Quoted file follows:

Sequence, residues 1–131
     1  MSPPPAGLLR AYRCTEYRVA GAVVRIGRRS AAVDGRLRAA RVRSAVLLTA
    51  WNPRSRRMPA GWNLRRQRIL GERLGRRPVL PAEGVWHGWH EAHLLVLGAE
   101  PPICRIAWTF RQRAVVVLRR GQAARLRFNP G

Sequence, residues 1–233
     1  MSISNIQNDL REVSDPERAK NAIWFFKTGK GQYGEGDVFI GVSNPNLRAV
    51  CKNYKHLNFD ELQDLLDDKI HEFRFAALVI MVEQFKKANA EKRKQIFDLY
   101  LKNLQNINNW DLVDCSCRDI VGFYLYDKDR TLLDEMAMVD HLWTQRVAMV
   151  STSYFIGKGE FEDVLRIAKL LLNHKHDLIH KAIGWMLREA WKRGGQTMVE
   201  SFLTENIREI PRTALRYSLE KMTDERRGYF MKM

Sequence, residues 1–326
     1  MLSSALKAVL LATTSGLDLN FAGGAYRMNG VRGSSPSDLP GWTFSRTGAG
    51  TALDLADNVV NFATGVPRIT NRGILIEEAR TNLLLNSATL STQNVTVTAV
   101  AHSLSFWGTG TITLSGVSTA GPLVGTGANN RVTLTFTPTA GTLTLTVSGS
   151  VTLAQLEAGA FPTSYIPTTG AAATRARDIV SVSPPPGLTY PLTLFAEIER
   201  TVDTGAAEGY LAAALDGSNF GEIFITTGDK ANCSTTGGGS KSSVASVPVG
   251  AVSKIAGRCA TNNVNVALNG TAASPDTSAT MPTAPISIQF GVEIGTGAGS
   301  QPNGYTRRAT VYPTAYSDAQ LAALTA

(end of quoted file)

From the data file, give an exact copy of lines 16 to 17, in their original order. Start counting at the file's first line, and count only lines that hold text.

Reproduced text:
   201  TVDTGAAEGY LAAALDGSNF GEIFITTGDK ANCSTTGGGS KSSVASVPVG
   251  AVSKIAGRCA TNNVNVALNG TAASPDTSAT MPTAPISIQF GVEIGTGAGS